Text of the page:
Community Data

Pro Action’s 2022-2025 Community Needs Assessment

Pro Action works to build a community of resilient individuals and families who can meet their basic needs, overcome adversity, and prosper. We do this by providing services in our rural, upstate community where conditions such as job scarcity, geographic isolation, low educational attainment, family adversity, and poor health interact to form a landscape of complex needs related to poverty, both its causes and effects.

After an exhaustive assessment of available data, our 2022-2025 Community Needs Assessment is complete! Check out our report which defines key findings about the causes and conditions of poverty in our service area.

Steuben County Office for the Aging 2023 Needs Assessment Summary

Steuben County Office for the Aging (SCOFA) utilizes the community needs assessment survey to help guide yearly workplan objectives, goals, interventions, and performance measures.

Read the full CNA by clicking here.

Office of the New York State Comptroller: NYS Comptroller Thomas P. DiNapoli Bulletin

One In Ten New York Households Suffer from Food Insecurity

Cited from the bulletin: New York Office of State Comptroller sent this bulletin at 03/04/2023 07:00 AM EST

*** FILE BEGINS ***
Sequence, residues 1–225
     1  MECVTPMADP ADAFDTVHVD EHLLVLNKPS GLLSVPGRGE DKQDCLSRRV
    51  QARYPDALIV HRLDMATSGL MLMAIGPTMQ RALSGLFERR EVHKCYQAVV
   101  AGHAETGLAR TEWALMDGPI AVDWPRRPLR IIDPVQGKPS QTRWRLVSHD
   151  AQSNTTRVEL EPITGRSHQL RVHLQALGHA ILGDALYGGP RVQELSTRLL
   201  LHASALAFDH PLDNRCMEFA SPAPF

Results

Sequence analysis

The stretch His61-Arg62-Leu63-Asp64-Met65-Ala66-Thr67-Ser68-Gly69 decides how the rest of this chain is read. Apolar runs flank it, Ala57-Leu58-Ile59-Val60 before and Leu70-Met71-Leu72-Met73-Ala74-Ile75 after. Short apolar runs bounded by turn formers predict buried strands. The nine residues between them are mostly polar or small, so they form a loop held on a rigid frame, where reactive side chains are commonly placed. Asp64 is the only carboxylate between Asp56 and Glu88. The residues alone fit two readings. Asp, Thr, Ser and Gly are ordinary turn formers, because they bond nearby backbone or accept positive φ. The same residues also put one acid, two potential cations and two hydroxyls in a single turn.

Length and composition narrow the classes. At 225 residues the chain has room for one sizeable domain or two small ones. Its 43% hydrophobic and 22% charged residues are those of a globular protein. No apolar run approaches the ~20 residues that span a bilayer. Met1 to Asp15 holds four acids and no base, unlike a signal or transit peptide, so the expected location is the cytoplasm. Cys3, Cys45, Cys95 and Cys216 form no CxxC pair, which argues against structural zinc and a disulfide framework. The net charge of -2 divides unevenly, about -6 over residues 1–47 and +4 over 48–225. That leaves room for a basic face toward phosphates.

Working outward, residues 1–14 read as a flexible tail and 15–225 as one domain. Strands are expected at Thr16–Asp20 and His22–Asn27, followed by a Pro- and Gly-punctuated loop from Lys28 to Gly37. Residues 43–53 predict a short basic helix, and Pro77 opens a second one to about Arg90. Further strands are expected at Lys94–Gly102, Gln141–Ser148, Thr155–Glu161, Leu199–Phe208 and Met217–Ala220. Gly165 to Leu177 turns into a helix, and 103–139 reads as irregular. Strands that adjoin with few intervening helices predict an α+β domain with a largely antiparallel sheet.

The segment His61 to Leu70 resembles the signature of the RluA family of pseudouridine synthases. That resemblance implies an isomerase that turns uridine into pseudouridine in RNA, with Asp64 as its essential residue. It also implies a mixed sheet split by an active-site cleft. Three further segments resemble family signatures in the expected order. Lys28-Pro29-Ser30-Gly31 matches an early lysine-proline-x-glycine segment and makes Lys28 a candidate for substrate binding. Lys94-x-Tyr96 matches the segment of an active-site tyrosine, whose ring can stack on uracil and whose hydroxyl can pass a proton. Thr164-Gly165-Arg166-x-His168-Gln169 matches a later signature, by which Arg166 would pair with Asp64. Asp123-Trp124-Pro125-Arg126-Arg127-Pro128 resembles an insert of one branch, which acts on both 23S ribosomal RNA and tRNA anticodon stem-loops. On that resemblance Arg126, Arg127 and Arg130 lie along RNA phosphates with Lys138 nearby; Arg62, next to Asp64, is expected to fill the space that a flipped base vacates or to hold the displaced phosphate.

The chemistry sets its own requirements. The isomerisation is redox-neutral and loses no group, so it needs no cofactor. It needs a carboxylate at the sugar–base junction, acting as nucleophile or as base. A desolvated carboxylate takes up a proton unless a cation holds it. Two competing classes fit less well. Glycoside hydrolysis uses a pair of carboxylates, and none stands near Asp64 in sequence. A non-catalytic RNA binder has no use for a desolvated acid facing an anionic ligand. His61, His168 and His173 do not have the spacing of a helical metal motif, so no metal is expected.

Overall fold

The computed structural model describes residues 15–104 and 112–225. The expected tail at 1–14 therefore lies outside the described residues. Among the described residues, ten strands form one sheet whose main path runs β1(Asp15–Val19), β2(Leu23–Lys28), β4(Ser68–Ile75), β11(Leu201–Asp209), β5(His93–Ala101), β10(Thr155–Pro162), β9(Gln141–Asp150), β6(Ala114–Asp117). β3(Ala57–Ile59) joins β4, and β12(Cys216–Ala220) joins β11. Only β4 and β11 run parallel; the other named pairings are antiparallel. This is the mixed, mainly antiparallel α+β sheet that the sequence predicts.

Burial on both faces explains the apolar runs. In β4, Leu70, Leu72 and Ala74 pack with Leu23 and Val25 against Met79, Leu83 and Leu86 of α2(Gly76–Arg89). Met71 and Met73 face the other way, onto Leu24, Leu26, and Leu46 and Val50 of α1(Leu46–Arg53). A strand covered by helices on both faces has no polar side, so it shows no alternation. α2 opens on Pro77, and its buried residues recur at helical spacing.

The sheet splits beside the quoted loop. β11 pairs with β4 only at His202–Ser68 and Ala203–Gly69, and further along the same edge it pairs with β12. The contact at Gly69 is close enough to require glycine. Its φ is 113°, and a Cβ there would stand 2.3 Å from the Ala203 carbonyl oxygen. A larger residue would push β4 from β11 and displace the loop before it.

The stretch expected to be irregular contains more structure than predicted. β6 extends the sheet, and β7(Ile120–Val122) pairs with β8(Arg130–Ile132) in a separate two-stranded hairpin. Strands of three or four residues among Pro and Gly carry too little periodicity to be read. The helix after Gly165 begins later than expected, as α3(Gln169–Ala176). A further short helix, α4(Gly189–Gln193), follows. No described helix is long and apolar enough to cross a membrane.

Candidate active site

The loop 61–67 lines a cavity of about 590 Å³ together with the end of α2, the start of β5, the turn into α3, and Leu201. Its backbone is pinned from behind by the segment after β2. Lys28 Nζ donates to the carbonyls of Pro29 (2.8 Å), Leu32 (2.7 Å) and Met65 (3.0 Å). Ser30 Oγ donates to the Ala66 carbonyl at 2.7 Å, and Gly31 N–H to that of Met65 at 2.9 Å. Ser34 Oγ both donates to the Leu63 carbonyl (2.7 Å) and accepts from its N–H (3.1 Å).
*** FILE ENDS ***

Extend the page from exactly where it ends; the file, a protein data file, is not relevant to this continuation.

Around 800,000 New York households experienced food insecurity at some point between 2019-21, according to a report from State Comptroller DiNapoli. The number declined during the COVID-19 pandemic due to federal relief programs and the expansion of federal food assistance programs. DiNapoli raised the concern that food insecurity may grow as federal benefits lapse. Notably, additional Supplemental Nutrition Assistance Program (SNAP) benefits expired on March 1. Over the last two years, Black and Hispanic or Latino adult New Yorkers were more likely to report not having enough food than white adult New Yorkers.

“With all the challenges people are facing during these difficult times, we should ensure New Yorkers don’t go hungry. Our nation’s nutrition programs should be expanded to help those who are struggling to feed themselves and their families,” said DiNapoli.

This is the second report from State Comptroller DiNapoli’s office examining issues impacting New Yorkers in need. His first report examined poverty trends.

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community data